Sir Compton Mackenzie: The Eminent Scot’s Love Affair with Greece

November 8, 2020
By Basil Zafiriou

Compton Mackenzie ranks among the top Scottish writers of the last century. In a writing career that spanned six decades, he published more than one hundred books, both fiction and nonfiction. Among the latter are several books on Greek themes, and Greece provides the background to a good number of his novels as well, testifying to the centrality of Greece in Sir Compton’s life. His biographer Andro Linklater describes him as “a supernumerary Greek.”  

Mackenzie became a devotee of things Greek at a very young age through his immersion in the language and literature of ancient Greece. He fell in love with modern Greece when he served there during the First World War, as lieutenant with the Royal Marines in the Eastern Aegean and as head of British intelligence in Athens. His Greek assignment lasted a relatively short time – little more than two years, from May 1915 to September 1917. But as he wrote later in the book Greece in My Life, he gave his heart to modern Greece soon upon his arrival there. 

In the interwar period, Mackenzie published four volumes of memoirs about his experiences in Greece. During this time, he also wrote Marathon and Salamis: The Battles that Defined the Western World (1934), and Pericles (1937), a sympathetic study of the 5th century BC Athenian statesman.  

The Greeks’ heroic stance during WWII made Mackenzie even more passionate about Greece. He was living on the island of Barra in the Outer Hebrides when the war broke out. That’s where he heard the announcement of Metaxas’s defiant ‘OXI’ to Italy’s territorial demands on 28 October 1940. He was elated. And when he heard the strains of the Greek National Anthem which followed the announcement, he says he could not keep back his tears, “for the sea around the Hebrides on that October morning was blue as the Aegean, and in spirit I was back in Hellas.”  

Three years later he published Wind of Freedom: The History of the Invasion of Greece by the Axis Powers, 1940-1941. The book is a moving tribute to the resistance of the Greeks against the Axis and the decisive contribution that resistance made to the ultimate victory of the Allies. “Let there be no mistake,” he wrote. “The Hellenic defiance was for humanity a second Marathon, and when the clamour of this huge and hideous war shall have died away that is how that defiance will be regarded in the serene air of history.” Had Greece accepted the Italian ultimatum, “the whole course of events would have been changed, because Russia would have been crushed during the autumn of 1941. It was Greece which saved the soul of man; it was once again that small sea-girt mountainous country where liberty was originally conceived.”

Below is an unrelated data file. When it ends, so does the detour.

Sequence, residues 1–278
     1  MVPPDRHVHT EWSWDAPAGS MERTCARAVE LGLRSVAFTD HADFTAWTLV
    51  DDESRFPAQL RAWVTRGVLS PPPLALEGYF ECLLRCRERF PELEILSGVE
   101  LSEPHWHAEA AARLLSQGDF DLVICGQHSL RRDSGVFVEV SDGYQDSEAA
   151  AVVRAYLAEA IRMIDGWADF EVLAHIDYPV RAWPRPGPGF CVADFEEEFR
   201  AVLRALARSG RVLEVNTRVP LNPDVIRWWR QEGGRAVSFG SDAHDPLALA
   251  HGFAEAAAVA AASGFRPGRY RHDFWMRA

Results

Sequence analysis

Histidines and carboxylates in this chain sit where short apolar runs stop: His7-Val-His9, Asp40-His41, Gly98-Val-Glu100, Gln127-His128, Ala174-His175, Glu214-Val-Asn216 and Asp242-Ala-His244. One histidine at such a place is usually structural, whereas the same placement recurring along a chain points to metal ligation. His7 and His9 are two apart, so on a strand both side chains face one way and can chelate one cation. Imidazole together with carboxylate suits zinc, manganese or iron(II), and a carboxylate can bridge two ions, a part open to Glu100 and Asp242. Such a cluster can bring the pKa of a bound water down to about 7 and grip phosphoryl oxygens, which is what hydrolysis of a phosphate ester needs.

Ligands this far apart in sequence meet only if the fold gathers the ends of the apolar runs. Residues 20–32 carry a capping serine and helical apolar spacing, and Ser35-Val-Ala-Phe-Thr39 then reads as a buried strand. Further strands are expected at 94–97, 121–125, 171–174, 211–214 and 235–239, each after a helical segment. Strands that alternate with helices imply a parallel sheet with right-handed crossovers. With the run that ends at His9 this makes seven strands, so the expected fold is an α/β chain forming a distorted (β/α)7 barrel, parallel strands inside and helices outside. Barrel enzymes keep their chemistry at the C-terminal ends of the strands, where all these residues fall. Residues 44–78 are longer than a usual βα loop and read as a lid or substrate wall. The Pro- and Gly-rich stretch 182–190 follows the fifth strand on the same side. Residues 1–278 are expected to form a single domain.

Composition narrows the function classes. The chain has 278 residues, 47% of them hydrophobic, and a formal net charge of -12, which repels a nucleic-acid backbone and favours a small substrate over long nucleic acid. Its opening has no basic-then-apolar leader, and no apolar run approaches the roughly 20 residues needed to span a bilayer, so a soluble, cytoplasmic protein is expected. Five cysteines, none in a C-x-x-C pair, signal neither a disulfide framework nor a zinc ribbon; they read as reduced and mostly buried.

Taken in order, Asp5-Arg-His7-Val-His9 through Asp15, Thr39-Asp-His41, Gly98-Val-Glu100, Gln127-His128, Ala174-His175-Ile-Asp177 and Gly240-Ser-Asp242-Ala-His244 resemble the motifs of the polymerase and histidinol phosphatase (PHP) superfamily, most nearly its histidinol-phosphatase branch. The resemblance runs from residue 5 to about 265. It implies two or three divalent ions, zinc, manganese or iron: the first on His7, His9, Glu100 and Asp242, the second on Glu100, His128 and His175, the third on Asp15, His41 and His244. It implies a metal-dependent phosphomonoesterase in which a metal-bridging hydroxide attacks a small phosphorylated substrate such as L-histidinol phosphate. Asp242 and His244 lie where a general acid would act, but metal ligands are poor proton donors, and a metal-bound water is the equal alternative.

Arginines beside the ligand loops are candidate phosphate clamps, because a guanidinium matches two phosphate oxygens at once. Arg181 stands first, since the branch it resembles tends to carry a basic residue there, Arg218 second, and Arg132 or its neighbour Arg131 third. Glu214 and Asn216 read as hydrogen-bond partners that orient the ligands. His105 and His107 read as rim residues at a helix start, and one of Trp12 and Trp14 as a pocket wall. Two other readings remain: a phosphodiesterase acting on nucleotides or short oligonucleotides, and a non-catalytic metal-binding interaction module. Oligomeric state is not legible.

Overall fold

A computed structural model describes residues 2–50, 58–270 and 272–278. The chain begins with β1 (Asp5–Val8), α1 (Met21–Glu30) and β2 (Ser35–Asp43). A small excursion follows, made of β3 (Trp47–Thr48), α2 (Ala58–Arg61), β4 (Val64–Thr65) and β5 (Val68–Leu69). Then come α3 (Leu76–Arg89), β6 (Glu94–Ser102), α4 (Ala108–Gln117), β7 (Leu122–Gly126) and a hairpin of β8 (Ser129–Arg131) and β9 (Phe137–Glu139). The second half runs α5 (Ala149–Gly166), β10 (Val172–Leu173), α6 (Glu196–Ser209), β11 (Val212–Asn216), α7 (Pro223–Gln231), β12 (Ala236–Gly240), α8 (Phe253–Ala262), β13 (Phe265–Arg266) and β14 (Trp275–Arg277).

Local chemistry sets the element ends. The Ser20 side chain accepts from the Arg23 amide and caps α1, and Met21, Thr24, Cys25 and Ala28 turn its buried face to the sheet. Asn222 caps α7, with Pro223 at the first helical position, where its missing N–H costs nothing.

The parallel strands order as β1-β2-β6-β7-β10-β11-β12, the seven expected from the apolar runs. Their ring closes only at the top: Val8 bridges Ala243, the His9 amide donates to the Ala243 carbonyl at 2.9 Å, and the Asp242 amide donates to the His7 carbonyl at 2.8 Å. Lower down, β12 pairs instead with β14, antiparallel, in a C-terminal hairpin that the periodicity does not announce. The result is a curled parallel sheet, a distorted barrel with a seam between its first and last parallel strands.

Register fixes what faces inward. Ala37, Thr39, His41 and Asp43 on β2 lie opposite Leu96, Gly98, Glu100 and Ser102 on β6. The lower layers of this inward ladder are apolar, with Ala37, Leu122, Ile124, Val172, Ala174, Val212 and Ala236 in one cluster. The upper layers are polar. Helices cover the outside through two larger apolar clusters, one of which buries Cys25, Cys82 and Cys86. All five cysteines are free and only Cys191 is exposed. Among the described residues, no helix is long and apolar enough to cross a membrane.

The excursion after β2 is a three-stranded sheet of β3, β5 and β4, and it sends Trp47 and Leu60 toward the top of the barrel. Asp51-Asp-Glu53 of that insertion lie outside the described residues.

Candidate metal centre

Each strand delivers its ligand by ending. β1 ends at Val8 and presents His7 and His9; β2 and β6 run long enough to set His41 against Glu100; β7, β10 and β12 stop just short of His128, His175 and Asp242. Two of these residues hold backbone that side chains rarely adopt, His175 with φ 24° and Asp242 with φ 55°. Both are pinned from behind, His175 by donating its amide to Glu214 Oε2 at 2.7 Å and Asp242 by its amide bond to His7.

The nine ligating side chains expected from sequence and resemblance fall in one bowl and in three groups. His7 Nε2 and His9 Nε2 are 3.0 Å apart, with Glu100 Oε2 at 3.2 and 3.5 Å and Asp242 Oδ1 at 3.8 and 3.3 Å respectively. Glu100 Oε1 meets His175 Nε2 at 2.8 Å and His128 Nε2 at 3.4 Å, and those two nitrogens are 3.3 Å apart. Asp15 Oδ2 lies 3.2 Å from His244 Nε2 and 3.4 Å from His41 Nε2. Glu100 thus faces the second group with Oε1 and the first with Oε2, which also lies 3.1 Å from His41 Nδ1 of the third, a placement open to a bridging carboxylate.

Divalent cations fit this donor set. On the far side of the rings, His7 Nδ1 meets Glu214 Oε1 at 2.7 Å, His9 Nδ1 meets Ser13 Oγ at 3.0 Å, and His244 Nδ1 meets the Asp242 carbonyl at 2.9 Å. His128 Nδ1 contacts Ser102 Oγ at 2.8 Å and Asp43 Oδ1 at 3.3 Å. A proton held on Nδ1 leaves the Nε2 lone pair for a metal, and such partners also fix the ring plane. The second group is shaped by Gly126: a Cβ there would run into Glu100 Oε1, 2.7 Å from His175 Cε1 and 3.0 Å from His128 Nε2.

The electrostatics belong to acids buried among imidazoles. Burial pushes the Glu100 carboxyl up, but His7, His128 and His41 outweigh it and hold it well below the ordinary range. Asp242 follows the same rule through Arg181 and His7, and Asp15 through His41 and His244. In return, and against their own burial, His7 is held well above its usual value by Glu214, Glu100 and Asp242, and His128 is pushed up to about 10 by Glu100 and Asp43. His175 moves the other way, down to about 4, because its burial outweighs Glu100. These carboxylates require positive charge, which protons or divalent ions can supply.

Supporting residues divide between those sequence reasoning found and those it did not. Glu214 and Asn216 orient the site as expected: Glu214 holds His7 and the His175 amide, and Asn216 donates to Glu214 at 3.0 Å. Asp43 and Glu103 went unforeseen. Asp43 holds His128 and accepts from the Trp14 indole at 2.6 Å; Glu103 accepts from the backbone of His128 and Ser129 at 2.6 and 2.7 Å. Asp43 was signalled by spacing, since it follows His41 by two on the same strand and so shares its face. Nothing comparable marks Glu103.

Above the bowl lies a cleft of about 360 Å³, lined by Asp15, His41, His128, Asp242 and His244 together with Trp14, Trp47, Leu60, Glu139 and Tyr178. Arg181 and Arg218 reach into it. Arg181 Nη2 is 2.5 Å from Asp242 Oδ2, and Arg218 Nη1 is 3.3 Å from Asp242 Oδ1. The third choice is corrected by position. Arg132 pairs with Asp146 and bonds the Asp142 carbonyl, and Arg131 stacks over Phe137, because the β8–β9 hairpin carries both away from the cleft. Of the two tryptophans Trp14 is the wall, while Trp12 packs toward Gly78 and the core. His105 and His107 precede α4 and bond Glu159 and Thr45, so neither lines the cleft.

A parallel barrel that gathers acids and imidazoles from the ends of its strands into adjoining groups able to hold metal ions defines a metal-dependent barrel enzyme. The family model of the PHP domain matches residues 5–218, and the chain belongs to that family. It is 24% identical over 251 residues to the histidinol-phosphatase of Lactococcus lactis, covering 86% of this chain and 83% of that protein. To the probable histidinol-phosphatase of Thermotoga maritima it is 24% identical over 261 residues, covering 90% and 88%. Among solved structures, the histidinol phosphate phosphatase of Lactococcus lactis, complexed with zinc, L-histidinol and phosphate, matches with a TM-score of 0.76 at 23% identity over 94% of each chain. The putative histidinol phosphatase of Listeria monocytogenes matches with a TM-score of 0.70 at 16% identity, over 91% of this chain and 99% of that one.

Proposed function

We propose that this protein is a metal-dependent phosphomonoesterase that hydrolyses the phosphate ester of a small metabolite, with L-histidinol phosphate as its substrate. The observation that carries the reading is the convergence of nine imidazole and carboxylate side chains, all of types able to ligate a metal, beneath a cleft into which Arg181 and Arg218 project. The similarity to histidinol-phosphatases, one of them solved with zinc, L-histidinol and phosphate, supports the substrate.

“As he wrote he became more Greek,” according to Linklater, to the point where he told his wife Faith “I think I shall abandon British nationality after the war and take out Greek papers.” In his epic novel The North Wind of Love, which he completed in 1945, the main character John Ogilvie, Mackenzie’s alter ego, returns to Greece to marry Ephrosyne Ladas, whom he had met while stationed there during the previous war and seemed to him the spirit of Hellas. This return, Linklater writes, “may be taken as the fictional representation of his own emotions.”  

After the war, Mackenzie actively championed Greek causes even when they were unpopular in his own country, such as the independence of Cyprus from British rule and the return of the Parthenon Marbles to Greece. In 1957 he persuaded the BBC to produce three television films, under the title The Glory That Was Greece, which he narrated. “I believed I could do more for the cause of Greece [by those films] than by letters or articles in newspapers,” he explains in Greece in My Life. 

The reception Mackenzie found in Greece while filming there showed that his love for Greece was fully reciprocated. And this deeply moved him. Quoting him again from Greece in My Life: “It was a pang to leave Greece, for in old age it is pleasant to be continuously made aware by everybody of every class that you are regarded with affection and respect as somebody who has never failed to speak out for Greece, especially when you yourself are well aware that the gratitude is owed by you to Greece not by Greece to you.”

Basil Zafiriou is an economist based in Ottawa. Retired from the federal public service of Canada, he now concentrates his work mainly on Greek affairs and the Greek Diaspora. 


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